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(Update: We’ve received a clarification from a Nokia spokesperson regarding Ojanperä’s comments about Ovi developers. More than 70 Ovi developers have seen more than 1 million downloads, rather than $1 million in revenue, with a handful of them seeing 10 million downloads.)

Mobile phone manufacturer Nokia is shifting its focus to further developing its Symbian operating system in an effort to win back U.S. customers and better compete with iPhone and Android smartphones, according to a company executive.

Nokia had traditionally focused on hardware development, particularly in the “dumbphone” market that has given the company a commanding market share of mobile phone sales for the past several years, said Dr. Tero Ojanperä, executive vice president for services with Nokia’s mobile solutions division.

With the advent of the smartphone — particularly Apple’s iPhone — the game has essentially changed and Nokia has to shift its focus to providing better development tools for its Symbian operating system. Ojanperä made the comments at the GigaOm Mobilize conference in San Francisco today.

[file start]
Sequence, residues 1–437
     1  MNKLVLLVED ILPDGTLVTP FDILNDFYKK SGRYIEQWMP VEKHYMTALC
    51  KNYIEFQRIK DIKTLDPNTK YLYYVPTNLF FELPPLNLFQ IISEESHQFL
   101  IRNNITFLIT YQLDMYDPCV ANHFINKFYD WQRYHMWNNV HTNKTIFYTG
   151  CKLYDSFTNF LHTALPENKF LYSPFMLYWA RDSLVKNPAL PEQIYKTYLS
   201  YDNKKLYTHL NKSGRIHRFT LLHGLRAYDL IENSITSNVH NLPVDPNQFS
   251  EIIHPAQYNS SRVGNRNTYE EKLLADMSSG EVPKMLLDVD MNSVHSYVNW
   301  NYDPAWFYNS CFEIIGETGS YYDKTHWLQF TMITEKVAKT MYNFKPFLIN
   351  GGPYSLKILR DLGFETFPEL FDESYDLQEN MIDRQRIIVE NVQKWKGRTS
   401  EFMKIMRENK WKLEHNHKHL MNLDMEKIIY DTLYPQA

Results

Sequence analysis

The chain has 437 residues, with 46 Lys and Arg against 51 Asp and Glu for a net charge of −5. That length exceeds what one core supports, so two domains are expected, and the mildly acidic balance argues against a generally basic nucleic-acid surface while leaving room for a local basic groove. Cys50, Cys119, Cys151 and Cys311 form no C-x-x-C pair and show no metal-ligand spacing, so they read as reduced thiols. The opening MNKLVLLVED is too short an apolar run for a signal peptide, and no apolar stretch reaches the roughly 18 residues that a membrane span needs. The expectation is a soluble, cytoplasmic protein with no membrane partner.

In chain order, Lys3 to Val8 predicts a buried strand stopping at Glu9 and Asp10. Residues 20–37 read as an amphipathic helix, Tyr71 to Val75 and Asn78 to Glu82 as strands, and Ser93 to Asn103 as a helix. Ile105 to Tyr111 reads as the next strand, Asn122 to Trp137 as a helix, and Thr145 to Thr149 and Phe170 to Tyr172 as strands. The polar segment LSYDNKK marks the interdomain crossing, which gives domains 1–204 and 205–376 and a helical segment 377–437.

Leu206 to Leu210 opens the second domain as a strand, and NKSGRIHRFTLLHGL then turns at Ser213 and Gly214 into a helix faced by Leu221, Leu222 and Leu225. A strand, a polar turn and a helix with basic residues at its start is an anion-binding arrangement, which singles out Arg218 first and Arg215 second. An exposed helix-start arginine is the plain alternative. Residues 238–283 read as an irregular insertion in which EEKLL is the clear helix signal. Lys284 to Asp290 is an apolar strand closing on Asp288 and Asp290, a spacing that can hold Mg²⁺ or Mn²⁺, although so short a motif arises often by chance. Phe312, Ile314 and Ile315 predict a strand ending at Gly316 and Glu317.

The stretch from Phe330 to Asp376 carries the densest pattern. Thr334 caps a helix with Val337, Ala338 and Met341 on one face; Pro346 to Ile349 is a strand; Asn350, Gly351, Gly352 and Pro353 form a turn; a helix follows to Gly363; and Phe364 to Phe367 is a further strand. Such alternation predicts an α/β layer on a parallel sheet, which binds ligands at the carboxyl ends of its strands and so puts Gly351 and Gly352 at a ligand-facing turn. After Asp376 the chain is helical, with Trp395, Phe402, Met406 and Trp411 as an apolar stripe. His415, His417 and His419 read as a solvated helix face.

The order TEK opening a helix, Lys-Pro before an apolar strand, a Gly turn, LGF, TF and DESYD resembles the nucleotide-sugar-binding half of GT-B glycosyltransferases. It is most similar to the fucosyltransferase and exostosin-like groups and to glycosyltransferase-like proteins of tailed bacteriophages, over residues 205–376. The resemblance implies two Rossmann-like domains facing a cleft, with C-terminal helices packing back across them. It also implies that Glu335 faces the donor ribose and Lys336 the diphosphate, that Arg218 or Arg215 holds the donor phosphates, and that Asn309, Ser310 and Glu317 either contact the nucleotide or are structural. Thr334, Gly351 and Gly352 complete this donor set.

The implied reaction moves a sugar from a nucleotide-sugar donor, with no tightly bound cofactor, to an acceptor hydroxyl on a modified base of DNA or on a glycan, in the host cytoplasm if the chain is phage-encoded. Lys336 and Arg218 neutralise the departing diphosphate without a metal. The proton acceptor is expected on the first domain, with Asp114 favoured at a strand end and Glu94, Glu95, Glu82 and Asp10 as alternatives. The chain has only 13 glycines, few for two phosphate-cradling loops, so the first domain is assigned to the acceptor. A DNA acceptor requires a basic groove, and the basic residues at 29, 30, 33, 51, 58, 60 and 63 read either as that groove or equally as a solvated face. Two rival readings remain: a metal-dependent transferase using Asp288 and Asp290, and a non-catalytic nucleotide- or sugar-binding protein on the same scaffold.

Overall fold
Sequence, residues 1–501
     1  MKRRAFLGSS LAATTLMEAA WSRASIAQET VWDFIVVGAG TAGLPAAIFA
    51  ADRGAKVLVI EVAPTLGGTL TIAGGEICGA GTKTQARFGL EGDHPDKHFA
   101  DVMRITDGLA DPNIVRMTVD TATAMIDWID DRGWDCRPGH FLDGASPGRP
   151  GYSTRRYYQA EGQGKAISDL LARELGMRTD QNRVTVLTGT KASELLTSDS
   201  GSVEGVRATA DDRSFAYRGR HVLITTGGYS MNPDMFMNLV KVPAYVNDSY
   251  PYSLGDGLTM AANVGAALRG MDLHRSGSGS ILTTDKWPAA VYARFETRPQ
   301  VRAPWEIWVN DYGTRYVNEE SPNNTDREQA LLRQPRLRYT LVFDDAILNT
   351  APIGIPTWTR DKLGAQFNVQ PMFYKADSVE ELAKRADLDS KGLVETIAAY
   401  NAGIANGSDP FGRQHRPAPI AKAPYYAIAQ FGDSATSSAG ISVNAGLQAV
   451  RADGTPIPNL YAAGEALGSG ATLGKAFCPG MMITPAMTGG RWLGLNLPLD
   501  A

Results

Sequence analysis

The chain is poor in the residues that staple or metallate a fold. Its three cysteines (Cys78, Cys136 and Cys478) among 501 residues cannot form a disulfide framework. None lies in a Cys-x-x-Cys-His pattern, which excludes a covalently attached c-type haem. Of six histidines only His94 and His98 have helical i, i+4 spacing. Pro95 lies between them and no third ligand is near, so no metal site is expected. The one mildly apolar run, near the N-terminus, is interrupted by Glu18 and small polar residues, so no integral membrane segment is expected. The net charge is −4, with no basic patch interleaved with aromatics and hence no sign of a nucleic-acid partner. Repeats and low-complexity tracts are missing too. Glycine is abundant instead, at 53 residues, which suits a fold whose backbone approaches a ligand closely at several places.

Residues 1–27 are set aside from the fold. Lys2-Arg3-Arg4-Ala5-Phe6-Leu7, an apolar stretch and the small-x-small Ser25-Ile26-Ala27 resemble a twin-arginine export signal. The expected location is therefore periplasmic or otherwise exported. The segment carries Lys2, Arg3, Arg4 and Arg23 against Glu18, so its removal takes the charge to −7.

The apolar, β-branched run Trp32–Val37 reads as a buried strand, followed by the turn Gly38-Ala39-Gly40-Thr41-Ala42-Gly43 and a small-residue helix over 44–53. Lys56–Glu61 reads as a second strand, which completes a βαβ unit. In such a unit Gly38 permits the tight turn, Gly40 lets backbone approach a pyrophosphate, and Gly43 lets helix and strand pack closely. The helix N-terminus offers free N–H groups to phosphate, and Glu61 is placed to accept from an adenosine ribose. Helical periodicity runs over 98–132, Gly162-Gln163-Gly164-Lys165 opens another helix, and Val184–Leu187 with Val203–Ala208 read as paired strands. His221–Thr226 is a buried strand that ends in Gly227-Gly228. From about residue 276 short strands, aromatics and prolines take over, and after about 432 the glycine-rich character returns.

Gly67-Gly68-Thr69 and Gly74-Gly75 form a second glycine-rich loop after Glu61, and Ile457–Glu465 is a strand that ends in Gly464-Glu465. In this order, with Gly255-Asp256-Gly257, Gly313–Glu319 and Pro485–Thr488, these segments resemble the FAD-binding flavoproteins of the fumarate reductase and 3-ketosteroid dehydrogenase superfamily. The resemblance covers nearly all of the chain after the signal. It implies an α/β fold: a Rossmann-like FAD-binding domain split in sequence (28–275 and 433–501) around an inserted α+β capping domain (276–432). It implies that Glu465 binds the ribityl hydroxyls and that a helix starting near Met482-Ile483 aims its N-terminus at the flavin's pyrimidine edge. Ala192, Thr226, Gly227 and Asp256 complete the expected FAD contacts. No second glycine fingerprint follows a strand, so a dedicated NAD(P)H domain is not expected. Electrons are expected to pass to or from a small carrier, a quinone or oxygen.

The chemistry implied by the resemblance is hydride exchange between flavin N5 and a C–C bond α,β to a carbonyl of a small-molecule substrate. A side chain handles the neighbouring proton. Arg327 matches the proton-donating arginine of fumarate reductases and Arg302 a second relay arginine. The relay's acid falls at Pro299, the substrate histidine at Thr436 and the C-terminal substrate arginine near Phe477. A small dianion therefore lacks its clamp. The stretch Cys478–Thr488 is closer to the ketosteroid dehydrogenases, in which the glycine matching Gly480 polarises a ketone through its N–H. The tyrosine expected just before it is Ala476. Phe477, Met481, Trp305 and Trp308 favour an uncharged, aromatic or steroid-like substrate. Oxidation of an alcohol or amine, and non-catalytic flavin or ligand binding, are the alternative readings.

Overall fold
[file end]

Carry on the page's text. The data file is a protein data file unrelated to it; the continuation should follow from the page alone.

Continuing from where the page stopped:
“We are seeing a transformation of Nokia into software and services to respond to consumer needs,” Ojanperä said. “That is something  we have been focused on in the last two years, and that’s something Nokia might not have been focused on before that.”

Nokia is providing third-party developers with a suite of new tools such as development kits and analytics to help them develop better apps for Nokia’s Ovi distribution platform. To date, more than 70 Ovi developers have seen more than 1 million downloads of their apps, with a handful of those making more than 10 million, Ojanperä said. Nokia is also working with 91 operators to help find developers and promote more third-party app development on Nokia’s Ovi app distribution platform — including a $10 million competition for app development through AT&T.

While Nokia’s Symbian operating system still holds a commanding market share, a report from Gartner earlier this month indicates that the Google Android operating system will catch up to it by 2014, when about 30 percent of all phones will use the Symbian operating system.

To prepare for the inevitable onslaught, Nokia has shaken things up a bit in the past couple of months. Nokia tapped Microsoft’s Steve Elop as its CEO earlier this month and is also working to develop hardware more suited to a smartphone version of Symbian — namely its N8 smartphone, which is shipping in the next couple of days (though Ojanperä gave GigaOm founder and Mobilize host Om Malik one of the first as a late birthday present on stage).

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